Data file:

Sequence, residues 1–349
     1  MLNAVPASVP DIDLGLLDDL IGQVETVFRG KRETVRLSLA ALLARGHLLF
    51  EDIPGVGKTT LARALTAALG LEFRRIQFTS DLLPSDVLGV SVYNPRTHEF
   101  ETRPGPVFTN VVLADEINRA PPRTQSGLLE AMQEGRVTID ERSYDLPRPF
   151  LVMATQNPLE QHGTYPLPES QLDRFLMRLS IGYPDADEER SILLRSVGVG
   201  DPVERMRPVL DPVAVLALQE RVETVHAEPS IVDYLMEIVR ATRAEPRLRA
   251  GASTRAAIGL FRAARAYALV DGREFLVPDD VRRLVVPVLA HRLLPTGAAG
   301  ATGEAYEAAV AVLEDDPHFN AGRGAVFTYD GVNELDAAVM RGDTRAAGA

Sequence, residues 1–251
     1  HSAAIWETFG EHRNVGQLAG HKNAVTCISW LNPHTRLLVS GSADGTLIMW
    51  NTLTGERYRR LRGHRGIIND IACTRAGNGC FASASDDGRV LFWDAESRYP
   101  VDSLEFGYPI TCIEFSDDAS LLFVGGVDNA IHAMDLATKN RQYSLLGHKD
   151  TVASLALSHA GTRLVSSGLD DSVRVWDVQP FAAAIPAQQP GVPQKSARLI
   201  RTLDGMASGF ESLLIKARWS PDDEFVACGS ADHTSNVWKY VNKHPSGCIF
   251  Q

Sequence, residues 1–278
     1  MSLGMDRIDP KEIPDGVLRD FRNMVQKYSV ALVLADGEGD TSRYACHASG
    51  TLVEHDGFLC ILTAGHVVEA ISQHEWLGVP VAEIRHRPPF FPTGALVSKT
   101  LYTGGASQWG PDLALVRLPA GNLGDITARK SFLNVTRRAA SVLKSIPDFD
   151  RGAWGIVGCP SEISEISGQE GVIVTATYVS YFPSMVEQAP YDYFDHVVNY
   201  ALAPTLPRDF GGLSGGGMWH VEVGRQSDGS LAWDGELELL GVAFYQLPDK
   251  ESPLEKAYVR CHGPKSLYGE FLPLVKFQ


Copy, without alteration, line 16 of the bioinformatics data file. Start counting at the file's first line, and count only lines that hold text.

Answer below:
Sequence, residues 1–278